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Shared parental leave – is it really going to work?

Georgina Fuller

Georgina Fuller discusses the pros and cons of shared parental leave

The government’s announcement last month that shared parental leave will be officially introduced from April 2015 has triggered a mixed response from new and expectant fathers. The proposals, which allow mothers and fathers to share parental leave between them for 50 weeks (in addition to the current statutory two weeks paternity leave) will allow dads to play a more hands-on role. 

 

The reforms will also extend the parents’ rights to request flexible working. Deputy Prime Minister Nick Clegg, a father of three, said we needed to ‘challenge’ the old-fashioned assumption that women will always be the one that stays at home. “Many fathers want that option too. That is why we’re introducing shared parental leave, to allow couples to make that decision jointly ensuring all career options remain open to women after pregnancy. There shouldn’t be a one-size fits all approach – that’s not how families are set up. This is good for families, good for business and good for our economy.”


But are the reforms really financially viable for employers and how many new dads will actually be able to afford to take it up? Stephen Gray, IT and marketing director at Signam Ltd manufacturing firm, says: “As a family member of a family owned SME, I would not take it due to financial reasons and from a company point of view it would become uneconomical to replace me due to the fact that in SME's, management tend to wear multiple hats and do different roles.”


In order for the reforms to work financially, employers will have to have more help and support from the government, says Gray. “I’m a firm believer that one member of the family should be at home during the first three years and this can be either the mother or father. However, if it’s going to work for business then more financial support has to be made available for companies to allow full pay or pay at a slightly reduced rate. Without this industry will suffer, especially the lowly SME.” Under the new guidelines, new parents will be entitled to return to the same job provided they take no more than six months leave. Parents taking more than six months may return to a similar role but not necessarily the same job.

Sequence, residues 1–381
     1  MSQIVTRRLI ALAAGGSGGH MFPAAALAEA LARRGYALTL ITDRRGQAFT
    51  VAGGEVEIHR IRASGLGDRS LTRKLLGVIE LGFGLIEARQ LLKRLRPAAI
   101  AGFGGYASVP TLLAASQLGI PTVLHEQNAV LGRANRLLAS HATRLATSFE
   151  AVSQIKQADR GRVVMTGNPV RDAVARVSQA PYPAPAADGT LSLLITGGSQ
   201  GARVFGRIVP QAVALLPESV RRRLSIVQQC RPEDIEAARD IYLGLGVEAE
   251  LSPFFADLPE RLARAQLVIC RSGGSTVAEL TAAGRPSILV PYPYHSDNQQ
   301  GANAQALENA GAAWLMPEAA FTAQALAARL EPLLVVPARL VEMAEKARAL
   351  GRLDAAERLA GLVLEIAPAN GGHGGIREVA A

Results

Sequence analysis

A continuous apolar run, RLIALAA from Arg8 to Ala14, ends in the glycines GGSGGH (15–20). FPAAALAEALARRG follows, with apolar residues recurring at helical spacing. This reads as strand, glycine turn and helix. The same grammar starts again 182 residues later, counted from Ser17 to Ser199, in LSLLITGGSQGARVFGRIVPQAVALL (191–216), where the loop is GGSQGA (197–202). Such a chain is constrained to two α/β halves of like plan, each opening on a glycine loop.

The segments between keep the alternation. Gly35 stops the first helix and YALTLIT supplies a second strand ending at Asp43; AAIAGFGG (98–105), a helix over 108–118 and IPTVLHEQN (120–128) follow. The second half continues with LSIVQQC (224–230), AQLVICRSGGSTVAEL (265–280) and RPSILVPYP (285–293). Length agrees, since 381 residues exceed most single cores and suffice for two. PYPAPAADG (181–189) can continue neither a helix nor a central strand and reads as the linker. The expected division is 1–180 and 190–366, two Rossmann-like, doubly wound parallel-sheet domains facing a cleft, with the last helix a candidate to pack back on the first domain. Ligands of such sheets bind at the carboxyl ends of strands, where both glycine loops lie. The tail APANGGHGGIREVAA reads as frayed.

Steve Kelley, a primary school teacher at Cannon Park Primary School, says he would take up shared parental leave if it was financially viable and if he could guarantee it wasn’t going to jeopardise his career prospects. “I think it would have helped our situation when our second child was born because my wife runs her own business so needed to get back to work quicker than me. It would have meant that we didn't have to send our youngest son to nursery so young and saved on the very expensive fees.”


Some new dads, however, have welcomed the new reforms. Sam Drinkwater, neighbourhood/regeneration officer at the Network Stadium Housing Association, says: “I think it’s revolutionary and might just afford families and society equality in the truest sense of the word.” 
Men sharing the responsibility of raising a baby in the first year of its life would shake up the female dominated culture of coffee shops, Mums Net and NCT classes which are all primarily geared toward mothers, says Drinkwater. “It's not about men doing a better job; it’s about men doing the job differently. Imagine the empathy and understanding new dads would have for the stresses, the joys, the monotony and passion that go hand in hand with raising an infant,” he notes.


James Beeley, a physiotherapist at Staffordshire and Stoke on Trent NHS Partnership Trust, is also a fan. “I think it's a great idea – especially in families where the women are the higher paid of the couple. Sure, it's a bit of a nightmare for employers to work out between two companies, but I know so many dads who would have loved more time on paternity leave. The total amount of leave between the two parents is still the same. Some companies employing mostly men will lose out a bit, but those employing women will probably benefit from it.”
Time will tell how well the reforms will be received when they are introduced in 2015 and how many new dads will actually make use of the shared parental leave. In the meantime, the government has asked Acas to produce a non-statutory guide to best practise for employers, which will provide practical advice and examples of how shared parental leave will work. This will be published alongside the final guidelines early next year. 


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